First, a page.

The Smith's Journey to Uruguay travel blog

 

 

 

 

 

 

 

 

 

 


What a joy not to have to rise to an alarm clock! We all woke well rested, in time to have breakfast before it closed at 10 am. Next we planned our day and made our way out of the hotel. It was about 73 degrees, windy and overcast today but we weren't complaining. Uruguay is heading into their winter, so it's their Autumn season now. Our first stop was the Andes 1972 Museum. It's a museum to honor the story of the Uruguayan rugby team that crashed in the Andes mountains on their way to Chile in 1972. It focused on their teamwork and goal setting as the backbone of their survival. It was nothing short of a miracle. The museum has only been open 2 years. The curator was very interactive, explaining several of the images and items recovered so we really got a sense of the situation and how miraculous their survival was. We spent at least an hour inside, joined by people from all over the globe. We highly recommend a visit.

After the museum we walked to the nearby Zabata plaza to visit the Catholic church which was open for Good Friday. It was ornate inside and reminiscent of the cathedrals we'd seen in Europe. This happens to be their holy week in Uruguay. The alter was different than any I'd ever seen with its deep plum and gold decorations. Outside, in the plaza, their were vendors set up like a small flea market. Payton bartered with one to get two small angel pendants carved from stone for some friends. It was fun to see what each vendor brought.

For lunch we had decided it was time to try the popular Chivitos sandwich. Our bike guide, Marcelo, had told us the best place to go was the Tinkal Bar, along the Rambla, near the American Embassy. Knowing it was a long shot that it would be open, due to the holiday, we headed out anyway on the 2 mile walk. Of course, as we approached it we could tell it was closed! Bummed, we headed back near our hotel in search of La Passiva, a local restaurant chain which was also recommended for their Chivitos. As luck would have it, when we stopped at the corner near our hotel to find the exact location of the restaurant Marcelo noticed us as he was riding by and stopped to see if we needed assistance. Again, what are the odds? He was heading home from a tour he had given that day. We chatted a few minutes before parting ways and finally found the restaurant. At this point we were tired and hungry. We each ordered their recommended canadienne chivitos. OMG was it worth the wait. This version was a step up from the normal version. It was a sandwich filled with a slice of beef, bacon, lettuce, tomato, green olives, pimento pepper slices, hard boiled egg, cheese and mayo on a soft roll. Served with a side of fries. We've heard the typical chivitos is an open faced sandwich laid on a bed of fries with beef, ham, cheese, lettuce, tomato, mayo topped with a fried egg. Several people we saw had ordered it that way. I'm glad they recommended it the way we ordered them. I can see why this sandwich is famous! I'm hoping it's not my last in Uruguay.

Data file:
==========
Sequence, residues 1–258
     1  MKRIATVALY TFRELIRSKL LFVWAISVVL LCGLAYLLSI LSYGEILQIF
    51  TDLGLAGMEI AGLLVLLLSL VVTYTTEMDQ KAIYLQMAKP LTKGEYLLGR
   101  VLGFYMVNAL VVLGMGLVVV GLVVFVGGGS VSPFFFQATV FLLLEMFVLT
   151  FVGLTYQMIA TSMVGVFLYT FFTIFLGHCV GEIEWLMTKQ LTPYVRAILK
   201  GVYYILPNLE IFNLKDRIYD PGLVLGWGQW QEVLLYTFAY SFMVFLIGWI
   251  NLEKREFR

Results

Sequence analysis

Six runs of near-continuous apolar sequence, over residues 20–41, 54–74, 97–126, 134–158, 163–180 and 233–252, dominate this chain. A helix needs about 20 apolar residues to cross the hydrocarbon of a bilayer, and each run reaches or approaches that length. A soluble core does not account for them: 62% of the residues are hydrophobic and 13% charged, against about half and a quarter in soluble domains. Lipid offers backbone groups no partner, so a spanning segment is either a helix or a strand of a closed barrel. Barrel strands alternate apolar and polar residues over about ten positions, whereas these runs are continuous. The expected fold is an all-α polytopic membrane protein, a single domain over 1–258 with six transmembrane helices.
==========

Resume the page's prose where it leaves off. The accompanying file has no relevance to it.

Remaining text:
After lunch we relaxed in the room for 30 minutes then walked down near Independence Plaza to the Solis Theatre for a tour which they offer in English too. Though it wasn't long it was informative. The theater is the largest and most prestigous in the country. The theater was built in 1856. Today it's owned by the government and subsidized by sponsors, to allow all tickets to be sold for $5 USD each, regardless of the seat. Fridays they are half off! The government believes in having access for everyone to the arts. Our guide mentioned that the bring in people from e countryside villages via bus to allow them the opportunity to see the city and also enjoy the arts. It seats 1250 people in the 5 stories. It maintains the original decor and chandeliers. Interesting side jote: Our english guide had lived in Georgia since the age of 5 and just moved back a few years ago to attend college here since it's free. She had dreamed of going to UGA but it was too expensive...great for Payton to hear.. She plans to obtain her degree in International business and go back to the states.

We stopped on our way back in fabion Plaza where couples routinely Tango in the park. I had read that it's normally Saturday nights, so i was thrilled to see Tango dancing as we approached. We sat at a nearby cafe, overlooking the dancers and the water fountains surrounded by towering trees, and enjoyed a cappuccino. It was what the locals would consider Tea time.

We opted out of dinner and instead stopped in La Cingal for gelato. Bryan and I each had a premade dessert similar to a Klondike bar..mine dulce de leche gelato dipped in chocolate, his cream gelato dipped in chocolate. Payton's dessert took the prize. It was a sundae with bonbon dulce de leche gelato, rocher bonbon gelato, hot fudge and a wonderful chantilly whipped cream. It was heavenly!! It may have been the best dessert I've ever had.

A simple night of netflix and good night.

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